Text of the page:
I read occasionally popular science articles and from time to time encounter issues about quantum information teleportation. (this one for example http://www.physorg.com/news193551675.html)
So far I have the following understanding of basic principles:
- after measurement entangled particles have identical random state (i.e. we can not predict the result, but we know that it will be similar for both particles).
- "decoding key" should be sent by traditional channel
As I understand the underlying process is the following:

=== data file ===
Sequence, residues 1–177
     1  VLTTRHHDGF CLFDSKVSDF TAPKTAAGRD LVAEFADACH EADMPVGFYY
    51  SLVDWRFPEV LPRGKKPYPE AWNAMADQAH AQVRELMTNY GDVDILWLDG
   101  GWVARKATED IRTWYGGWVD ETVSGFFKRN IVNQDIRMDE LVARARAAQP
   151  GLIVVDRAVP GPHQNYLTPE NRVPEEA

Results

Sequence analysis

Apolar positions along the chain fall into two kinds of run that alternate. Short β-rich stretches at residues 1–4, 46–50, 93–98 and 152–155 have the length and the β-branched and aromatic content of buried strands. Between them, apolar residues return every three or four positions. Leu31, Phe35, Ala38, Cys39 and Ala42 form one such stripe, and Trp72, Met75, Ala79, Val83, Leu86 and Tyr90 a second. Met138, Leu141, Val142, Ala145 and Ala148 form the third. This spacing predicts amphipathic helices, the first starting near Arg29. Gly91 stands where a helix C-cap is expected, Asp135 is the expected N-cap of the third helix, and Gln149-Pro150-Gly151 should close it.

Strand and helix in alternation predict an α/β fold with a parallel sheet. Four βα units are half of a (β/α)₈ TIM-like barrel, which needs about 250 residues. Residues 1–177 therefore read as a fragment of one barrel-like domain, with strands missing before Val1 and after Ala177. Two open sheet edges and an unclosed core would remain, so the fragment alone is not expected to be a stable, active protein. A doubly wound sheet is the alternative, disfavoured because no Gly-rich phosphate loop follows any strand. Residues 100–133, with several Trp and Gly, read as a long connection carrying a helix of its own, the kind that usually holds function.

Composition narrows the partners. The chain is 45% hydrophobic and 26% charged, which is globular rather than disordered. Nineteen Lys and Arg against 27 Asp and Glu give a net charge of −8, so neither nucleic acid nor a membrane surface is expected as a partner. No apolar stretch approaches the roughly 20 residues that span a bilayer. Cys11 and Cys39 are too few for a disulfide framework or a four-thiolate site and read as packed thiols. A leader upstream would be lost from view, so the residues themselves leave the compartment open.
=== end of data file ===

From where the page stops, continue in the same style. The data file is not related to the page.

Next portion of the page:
- Some amount of entangled particles is sent to A and B.
- Particles are measured at A and B and results R (equal in both places) are recorded.
- Knowing the results A computes a "decoding key" (some function F, that F(R) has some valuable meaning) which is sent by traditional means to B.
- B applies key to it's copy of R, and thus receives information.
The benefit is that amount of information that needs to be transmitted by traditional means is small.
In case everything stated before is correct, I have the question: how is this "quantum information teleportation" process differs from just sending two identical sets of random data to both destinations by traditional means?
I could be wrong about understanding of principles of quantum information teleportation, in this case, please, correct me.